Middlesbrough[edit]

Maccarone was signed by English Premier League team Middlesbrough on 9 July 2002 for £8.15 million (€12.7 million).[2]

In 2002 he played twice for Italy. In one of these appearances he came on as a late substitute against England with the score level at 1–1. In injury time Maccarone was fouled in the area by the English goalkeeper David James, allowing Vincenzo Montella to score the winning goal from the penalty spot.[3]

Maccarone was an unused substitute when Middlesbrough won the 2004 Football League Cup Final.[4] Despite showing fine early form in his first few matches for Middlesbrough, the remainder of his spell at the club was a struggle to justify his price tag and during the first half of the 2004–05 season he was loaned out to Serie A club Parma, and in January 2005 to Siena.[5]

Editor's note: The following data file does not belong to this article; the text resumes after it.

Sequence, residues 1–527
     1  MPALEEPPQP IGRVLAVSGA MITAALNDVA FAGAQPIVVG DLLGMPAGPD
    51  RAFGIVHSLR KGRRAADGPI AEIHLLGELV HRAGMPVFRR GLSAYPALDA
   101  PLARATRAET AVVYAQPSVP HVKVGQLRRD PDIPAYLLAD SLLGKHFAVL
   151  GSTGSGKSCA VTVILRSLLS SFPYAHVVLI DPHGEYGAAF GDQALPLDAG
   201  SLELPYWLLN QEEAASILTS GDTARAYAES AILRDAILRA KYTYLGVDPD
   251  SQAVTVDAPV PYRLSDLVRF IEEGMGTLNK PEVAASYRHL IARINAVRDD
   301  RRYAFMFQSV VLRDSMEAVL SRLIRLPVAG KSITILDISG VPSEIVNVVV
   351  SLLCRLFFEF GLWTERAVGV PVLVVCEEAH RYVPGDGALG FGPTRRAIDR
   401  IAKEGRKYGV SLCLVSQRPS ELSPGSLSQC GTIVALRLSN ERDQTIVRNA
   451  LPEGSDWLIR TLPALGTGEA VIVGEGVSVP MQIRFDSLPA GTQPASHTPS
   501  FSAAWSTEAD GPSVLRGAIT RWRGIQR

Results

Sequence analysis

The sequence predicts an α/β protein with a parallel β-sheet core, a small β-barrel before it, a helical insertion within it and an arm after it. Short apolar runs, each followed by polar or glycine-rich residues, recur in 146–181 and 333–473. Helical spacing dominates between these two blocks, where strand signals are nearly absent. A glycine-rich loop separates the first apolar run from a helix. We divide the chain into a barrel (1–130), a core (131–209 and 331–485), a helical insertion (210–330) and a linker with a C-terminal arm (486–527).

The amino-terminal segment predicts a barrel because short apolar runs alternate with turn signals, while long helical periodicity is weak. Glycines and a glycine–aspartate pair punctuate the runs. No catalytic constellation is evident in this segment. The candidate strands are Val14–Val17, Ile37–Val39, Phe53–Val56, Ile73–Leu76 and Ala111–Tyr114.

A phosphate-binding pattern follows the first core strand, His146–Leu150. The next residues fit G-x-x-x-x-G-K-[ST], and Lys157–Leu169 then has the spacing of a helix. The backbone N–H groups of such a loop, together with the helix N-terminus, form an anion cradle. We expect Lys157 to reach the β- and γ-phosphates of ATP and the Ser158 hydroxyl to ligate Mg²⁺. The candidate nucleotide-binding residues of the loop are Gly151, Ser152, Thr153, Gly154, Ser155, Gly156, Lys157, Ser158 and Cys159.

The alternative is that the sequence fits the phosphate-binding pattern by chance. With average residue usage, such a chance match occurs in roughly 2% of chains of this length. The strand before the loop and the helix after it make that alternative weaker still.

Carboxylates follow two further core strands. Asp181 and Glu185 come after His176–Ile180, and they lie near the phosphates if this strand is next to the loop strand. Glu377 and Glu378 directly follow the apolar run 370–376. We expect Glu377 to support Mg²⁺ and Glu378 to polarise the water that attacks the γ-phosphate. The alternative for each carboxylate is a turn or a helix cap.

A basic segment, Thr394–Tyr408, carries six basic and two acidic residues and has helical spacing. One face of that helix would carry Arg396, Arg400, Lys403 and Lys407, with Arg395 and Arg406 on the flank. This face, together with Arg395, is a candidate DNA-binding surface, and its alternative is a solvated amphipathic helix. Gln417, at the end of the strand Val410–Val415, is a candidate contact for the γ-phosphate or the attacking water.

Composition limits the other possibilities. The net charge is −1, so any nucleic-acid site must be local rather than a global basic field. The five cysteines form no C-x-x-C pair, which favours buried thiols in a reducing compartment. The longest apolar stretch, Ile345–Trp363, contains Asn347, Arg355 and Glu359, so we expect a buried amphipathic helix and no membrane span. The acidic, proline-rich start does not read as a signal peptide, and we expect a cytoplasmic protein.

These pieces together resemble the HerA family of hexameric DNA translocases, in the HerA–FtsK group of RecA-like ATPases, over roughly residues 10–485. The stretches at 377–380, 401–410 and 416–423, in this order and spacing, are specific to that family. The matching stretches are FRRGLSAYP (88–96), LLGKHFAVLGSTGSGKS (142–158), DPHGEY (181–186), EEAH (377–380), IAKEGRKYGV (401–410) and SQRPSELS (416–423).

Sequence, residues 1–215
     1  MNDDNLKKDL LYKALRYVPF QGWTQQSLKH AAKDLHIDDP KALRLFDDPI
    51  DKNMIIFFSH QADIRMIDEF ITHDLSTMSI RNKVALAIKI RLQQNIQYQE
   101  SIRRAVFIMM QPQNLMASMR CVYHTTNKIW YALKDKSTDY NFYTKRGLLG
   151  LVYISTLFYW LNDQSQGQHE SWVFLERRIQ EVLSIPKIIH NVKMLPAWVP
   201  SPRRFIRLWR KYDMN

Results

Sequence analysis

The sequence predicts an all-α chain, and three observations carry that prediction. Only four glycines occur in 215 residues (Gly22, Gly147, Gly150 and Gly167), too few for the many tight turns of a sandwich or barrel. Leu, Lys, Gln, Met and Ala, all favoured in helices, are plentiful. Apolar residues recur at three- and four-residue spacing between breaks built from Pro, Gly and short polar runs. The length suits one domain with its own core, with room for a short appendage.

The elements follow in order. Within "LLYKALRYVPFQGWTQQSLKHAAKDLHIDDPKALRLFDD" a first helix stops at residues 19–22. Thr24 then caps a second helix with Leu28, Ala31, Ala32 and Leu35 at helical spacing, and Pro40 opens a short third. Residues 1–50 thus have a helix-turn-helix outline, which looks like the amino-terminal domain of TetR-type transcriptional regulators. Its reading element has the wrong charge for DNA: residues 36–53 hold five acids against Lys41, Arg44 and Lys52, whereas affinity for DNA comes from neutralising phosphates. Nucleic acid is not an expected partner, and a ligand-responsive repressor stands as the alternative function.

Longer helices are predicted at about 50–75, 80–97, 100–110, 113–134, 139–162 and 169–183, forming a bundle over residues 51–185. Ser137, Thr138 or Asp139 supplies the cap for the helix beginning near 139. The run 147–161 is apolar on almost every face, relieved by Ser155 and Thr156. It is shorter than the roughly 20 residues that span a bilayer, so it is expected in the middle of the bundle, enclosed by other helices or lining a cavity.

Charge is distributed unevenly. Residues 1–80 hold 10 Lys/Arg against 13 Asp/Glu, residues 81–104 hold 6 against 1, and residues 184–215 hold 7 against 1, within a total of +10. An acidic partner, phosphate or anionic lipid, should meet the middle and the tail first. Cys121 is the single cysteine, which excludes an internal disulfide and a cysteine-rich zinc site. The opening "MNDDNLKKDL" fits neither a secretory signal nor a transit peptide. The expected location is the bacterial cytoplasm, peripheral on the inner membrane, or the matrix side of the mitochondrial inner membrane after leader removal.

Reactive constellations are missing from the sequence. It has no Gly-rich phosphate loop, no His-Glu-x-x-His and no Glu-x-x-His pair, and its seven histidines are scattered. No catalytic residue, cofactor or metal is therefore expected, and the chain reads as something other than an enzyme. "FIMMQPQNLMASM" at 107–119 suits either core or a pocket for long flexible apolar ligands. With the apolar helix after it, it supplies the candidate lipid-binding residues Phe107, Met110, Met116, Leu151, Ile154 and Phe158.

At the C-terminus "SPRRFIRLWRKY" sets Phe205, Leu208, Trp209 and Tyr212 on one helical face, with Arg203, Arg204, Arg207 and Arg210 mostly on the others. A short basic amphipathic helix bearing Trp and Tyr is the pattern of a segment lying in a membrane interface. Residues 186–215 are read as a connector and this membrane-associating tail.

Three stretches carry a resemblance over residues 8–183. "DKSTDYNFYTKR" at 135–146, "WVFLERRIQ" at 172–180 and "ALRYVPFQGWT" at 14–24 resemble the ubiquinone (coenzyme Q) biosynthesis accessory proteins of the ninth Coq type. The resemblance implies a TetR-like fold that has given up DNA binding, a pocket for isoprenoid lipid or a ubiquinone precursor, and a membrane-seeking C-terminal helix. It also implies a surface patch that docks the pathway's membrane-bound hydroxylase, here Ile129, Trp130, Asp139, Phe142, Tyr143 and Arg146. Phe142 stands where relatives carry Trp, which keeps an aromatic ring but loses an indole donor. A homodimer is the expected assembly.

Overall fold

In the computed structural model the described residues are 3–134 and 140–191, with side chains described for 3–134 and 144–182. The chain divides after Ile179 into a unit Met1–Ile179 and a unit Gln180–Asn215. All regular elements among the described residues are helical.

Maccarone returned to Middlesbrough for the 2005–06 season, and despite not being a regular first-team player, endeared himself to the Middlesbrough fans, especially through his work-rate and attitude. The player's spell at Middlesbrough is remembered for two last minute winners in key UEFA Cup ties in 2006. He scored against Basel in the second leg of the quarter-finals, a tie in which Middlesbrough overturned a three-goal deficit to win 4–3 on aggregate.[6] In the semi-final of the same competition he came on as a substitute and scored twice in the aggregate 4–3 win over Steaua Bucharest,[7] once again in the 90th minute, taking Boro to the final in Eindhoven, in which he came on as a substitute. Following his exploits in the semi-final, fellow Middlesbrough striker Jimmy Floyd Hasselbaink declared "Massimo, I love him until I die... it's unbelievable".[8]

Siena[edit]